Chandran Rutnam and William Holden while shooting The Bridge on the River Kwai.



The screenwriters, Carl Foreman and Michael Wilson, were on the Hollywood blacklist and, even though living in exile in England, could only work on the film in secret. The two did not collaborate on the script; Wilson took over after Lean was dissatisfied with Foreman's work. The official credit was given to Pierre Boulle (who did not speak English), and the resulting Oscar for Best Screenplay (Adaptation) was awarded to him. Only in 1984 did the Academy rectify the situation by retroactively awarding the Oscar to Foreman and Wilson, posthumously in both cases. Subsequent releases of the film finally gave them proper screen credit. David Lean himself also claimed that producer Sam Spiegel cheated him out of his rightful part in the credits since he had had a major hand in the script.[8]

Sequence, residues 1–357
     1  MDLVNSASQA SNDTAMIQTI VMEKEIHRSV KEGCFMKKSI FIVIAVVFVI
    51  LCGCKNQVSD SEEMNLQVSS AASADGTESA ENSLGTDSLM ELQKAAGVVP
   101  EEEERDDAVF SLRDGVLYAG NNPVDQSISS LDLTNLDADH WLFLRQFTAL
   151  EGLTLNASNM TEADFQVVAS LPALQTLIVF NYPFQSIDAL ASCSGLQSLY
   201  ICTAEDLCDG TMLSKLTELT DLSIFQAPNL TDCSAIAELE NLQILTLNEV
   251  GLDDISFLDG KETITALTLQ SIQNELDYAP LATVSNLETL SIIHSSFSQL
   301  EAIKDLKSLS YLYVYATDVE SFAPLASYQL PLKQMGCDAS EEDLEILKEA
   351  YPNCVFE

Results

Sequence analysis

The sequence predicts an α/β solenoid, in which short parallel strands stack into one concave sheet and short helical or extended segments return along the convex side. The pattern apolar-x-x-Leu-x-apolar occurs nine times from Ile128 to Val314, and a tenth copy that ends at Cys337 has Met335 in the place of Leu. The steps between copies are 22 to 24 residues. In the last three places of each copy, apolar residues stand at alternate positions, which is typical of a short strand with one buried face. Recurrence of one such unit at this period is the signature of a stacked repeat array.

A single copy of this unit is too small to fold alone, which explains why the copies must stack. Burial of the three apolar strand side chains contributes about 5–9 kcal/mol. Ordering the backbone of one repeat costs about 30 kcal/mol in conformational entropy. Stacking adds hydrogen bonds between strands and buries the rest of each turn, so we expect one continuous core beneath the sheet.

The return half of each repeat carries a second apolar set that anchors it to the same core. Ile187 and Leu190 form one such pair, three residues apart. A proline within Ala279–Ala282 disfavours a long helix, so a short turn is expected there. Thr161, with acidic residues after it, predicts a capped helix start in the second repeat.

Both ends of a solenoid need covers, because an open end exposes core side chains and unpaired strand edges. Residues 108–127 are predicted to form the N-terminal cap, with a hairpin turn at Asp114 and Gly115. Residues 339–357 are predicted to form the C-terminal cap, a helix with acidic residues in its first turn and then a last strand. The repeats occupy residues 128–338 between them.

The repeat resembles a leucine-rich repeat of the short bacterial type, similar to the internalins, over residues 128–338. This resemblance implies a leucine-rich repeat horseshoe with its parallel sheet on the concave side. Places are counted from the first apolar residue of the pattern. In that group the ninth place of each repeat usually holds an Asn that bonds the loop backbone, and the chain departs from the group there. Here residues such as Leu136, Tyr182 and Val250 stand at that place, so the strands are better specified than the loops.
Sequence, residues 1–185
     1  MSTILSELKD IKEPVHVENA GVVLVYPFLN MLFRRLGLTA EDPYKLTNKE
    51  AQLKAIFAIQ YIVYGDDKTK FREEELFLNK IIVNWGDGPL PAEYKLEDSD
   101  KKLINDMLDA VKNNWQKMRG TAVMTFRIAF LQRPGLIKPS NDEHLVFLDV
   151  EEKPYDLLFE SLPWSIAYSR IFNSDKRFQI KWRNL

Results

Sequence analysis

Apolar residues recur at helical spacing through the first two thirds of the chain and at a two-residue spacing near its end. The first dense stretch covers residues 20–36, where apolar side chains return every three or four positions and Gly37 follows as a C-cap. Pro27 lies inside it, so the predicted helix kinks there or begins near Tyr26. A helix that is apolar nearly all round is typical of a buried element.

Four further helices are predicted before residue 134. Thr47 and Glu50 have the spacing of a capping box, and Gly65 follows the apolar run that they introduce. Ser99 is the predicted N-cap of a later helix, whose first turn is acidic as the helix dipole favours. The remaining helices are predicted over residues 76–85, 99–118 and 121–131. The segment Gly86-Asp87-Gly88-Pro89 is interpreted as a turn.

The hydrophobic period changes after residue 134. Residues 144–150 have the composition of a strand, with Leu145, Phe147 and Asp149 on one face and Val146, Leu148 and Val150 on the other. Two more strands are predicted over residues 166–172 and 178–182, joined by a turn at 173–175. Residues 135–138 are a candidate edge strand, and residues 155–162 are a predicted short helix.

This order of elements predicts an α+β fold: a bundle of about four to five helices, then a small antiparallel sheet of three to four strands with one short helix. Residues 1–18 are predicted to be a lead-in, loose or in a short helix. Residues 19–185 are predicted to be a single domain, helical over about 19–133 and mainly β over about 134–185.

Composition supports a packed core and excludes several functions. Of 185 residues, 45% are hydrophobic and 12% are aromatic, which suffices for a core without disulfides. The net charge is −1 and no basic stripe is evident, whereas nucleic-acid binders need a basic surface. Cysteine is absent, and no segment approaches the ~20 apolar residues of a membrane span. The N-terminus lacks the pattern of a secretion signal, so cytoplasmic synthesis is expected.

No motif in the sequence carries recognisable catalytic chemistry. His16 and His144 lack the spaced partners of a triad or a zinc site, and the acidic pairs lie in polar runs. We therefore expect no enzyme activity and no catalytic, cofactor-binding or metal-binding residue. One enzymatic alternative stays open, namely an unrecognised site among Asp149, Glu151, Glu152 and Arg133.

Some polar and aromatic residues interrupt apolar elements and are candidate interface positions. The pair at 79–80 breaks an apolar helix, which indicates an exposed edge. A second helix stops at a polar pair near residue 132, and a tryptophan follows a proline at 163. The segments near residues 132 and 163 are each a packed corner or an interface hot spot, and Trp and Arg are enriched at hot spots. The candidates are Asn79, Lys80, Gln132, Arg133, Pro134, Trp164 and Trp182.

The film was relatively faithful to the novel, with two major exceptions. Shears, who is a British commando officer like Warden in the novel, became an American sailor who escapes from the POW camp. Also, in the novel, the bridge is not destroyed: the train plummets into the river from a secondary charge placed by Warden, but Nicholson (never realising "what have I done?") does not fall onto the plunger, and the bridge suffers only minor damage. Boulle nonetheless enjoyed the film version though he disagreed with its climax.[9]


The bridge at Kitulgala, Sri Lanka, before the explosion seen in the film.
A photo of Kitulgala, Sri Lanka in 2004, where the bridge was made for the film.

Many directors were considered for the project, among them John Ford, William Wyler, Howard Hawks, Fred Zinnemann, and Orson Welles (who was also offered a starring role).[10][11]